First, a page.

Newport Beach City Council candidate Joy Brenner received a letter this week from a law firm representing the city that alleges she improperly used photos of herself with uniformed city employees in campaign mailers.
The letter, dated Wednesday and signed by attorney Matthew Richardson of the firm Best Best & Krieger, told Brenner that the photos with Fire Chief Chip Duncan and Police Chief Jon Lewis could violate a state code that prohibits city employees from participating in “political activities of any kind while in uniform.”
“Such use of a city uniform for political purposes is prohibited since it could be construed as a violation of the city’s impartiality in the upcoming election,” according to the letter. “Moreover, distributing photos of uniformed city employees is against the best interest of the depicted employees who — through your campaign materials — are unintentionally violating” the law.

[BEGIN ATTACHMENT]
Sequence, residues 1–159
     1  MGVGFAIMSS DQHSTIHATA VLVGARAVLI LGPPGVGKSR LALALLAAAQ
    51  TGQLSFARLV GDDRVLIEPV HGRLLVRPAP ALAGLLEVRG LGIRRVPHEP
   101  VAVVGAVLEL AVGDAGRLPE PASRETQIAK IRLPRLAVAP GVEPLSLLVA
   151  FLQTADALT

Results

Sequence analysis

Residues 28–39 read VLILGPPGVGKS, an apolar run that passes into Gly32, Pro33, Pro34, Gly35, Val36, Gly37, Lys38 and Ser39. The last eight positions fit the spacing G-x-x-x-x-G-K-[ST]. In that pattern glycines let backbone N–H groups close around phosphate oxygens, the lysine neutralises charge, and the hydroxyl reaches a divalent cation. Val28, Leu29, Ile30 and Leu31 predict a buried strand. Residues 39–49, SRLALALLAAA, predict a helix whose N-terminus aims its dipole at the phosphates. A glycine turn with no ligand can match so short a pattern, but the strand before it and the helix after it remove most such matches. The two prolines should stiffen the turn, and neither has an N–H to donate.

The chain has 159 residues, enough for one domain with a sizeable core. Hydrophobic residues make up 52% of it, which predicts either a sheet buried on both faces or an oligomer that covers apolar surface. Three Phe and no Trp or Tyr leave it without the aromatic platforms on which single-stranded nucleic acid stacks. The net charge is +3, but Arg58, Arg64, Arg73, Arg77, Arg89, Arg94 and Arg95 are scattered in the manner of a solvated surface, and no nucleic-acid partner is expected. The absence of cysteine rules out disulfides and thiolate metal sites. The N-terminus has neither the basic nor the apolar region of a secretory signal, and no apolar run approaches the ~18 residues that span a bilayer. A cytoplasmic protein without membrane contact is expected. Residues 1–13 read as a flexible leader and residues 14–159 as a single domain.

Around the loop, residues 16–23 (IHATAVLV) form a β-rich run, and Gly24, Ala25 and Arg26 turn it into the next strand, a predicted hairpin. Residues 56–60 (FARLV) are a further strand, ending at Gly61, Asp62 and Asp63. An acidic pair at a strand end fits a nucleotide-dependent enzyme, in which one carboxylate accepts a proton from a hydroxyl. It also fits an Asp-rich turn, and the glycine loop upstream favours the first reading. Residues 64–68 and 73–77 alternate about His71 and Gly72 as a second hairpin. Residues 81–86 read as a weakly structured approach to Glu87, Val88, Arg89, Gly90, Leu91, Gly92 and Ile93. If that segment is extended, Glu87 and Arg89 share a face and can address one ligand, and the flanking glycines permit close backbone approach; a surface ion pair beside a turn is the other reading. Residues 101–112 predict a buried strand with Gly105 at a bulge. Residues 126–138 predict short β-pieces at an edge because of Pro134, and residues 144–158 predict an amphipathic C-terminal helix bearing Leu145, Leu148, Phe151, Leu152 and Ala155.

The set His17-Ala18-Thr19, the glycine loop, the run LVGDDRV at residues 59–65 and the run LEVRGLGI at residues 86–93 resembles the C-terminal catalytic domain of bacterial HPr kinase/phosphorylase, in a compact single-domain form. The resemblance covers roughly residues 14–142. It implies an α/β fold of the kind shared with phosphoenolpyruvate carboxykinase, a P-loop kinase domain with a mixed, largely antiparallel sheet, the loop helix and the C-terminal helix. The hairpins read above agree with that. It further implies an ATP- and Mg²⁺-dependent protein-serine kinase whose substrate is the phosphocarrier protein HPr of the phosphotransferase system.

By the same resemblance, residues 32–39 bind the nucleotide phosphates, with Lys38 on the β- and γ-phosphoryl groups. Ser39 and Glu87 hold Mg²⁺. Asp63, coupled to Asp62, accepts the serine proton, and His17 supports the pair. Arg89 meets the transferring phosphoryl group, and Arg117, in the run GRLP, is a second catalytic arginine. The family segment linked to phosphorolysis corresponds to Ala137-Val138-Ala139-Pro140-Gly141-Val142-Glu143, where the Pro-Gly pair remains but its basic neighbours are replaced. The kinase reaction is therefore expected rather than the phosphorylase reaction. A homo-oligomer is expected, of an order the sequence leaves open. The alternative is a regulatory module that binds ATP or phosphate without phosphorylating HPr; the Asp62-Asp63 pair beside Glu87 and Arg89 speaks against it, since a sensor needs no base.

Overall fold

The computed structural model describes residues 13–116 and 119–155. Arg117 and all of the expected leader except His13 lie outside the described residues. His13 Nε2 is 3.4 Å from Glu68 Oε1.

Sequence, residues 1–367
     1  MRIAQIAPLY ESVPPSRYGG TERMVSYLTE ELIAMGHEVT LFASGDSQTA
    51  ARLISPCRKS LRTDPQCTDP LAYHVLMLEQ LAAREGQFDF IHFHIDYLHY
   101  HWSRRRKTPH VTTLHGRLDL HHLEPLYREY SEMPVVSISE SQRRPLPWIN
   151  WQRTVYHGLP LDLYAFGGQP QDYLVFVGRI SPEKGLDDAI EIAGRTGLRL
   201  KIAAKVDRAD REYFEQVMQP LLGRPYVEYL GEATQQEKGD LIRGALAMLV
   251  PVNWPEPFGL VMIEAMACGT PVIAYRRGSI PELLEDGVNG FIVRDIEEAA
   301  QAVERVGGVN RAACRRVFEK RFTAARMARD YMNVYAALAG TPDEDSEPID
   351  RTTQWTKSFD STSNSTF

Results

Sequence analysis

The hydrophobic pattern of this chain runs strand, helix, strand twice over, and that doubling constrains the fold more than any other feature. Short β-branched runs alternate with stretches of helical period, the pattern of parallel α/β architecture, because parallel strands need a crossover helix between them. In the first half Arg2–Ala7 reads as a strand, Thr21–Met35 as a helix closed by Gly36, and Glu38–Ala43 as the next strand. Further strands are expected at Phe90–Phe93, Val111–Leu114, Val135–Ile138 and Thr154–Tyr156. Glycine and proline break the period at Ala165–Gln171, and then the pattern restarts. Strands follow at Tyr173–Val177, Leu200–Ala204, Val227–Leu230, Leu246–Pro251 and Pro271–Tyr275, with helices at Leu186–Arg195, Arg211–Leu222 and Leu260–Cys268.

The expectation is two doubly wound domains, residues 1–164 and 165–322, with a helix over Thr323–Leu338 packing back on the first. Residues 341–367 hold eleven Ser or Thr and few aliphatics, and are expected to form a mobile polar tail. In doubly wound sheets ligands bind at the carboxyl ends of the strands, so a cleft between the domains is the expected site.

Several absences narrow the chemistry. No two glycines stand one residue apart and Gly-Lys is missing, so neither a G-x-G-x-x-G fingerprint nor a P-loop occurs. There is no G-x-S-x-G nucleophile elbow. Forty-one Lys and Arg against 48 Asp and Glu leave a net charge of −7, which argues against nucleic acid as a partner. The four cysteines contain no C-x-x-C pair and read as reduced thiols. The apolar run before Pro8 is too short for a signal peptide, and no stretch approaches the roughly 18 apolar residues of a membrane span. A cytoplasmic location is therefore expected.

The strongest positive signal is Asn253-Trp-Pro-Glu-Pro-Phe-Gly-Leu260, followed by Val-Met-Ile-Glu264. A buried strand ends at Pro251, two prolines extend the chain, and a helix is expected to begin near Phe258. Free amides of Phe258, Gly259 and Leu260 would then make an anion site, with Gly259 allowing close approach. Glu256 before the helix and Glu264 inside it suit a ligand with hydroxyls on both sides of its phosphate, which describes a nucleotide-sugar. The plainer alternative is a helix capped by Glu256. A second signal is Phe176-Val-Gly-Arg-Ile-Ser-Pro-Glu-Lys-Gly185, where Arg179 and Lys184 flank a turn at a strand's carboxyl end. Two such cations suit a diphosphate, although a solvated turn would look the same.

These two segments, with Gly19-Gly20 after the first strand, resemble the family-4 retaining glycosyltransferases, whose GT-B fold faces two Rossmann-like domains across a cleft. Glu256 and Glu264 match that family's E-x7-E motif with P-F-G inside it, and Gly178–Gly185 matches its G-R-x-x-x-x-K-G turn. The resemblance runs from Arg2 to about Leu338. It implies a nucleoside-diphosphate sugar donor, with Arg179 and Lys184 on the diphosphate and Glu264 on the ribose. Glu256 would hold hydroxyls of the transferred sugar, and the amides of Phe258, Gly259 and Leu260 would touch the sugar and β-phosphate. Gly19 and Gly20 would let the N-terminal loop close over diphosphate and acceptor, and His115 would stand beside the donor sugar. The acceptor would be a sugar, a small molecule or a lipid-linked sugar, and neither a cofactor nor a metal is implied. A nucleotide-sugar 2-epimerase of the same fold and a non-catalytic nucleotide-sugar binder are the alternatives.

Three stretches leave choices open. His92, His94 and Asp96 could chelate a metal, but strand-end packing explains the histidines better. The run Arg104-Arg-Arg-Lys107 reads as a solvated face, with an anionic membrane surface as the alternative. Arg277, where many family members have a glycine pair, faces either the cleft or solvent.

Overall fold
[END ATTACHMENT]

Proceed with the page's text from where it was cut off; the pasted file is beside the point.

The letter demanded that Brenner stop using such photos.
The images in question include a photo of Brenner and Duncan at the groundbreaking in April for the new Corona del Mar library and fire station complex and a candid shot of Brenner and Lewis at a meeting of the Corona del Mar Residents Assn. Brenner is founder and chairwoman of the Friends of the CdM Library and a co-founder and former president of the residents association.
“There is no indication on my flier that any city officials were endorsing me,” said Brenner, who is trying to unseat incumbent Scott Peotter in council District 6 in next week’s election. “The intent was to show the breadth of my involvement over the last 30 years in ways that have helped our community.”
The Newport Beach city clerk’s office said Thursday that the city has not sent similar letters to other candidates.
Earlier this week, the city posted an “advisory on campaign materials” on its website offering a reminder that city resources, including on-duty staff, cannot be used to support or oppose any candidate or ballot measure. The post did not single out any candidate.
The note told voters, “Should you see a photo of a city event or program in a candidate’s campaign material that features city staff, that photo was used without city permission and it should not be interpreted that the candidate or issue has the support of the city or staff featured.”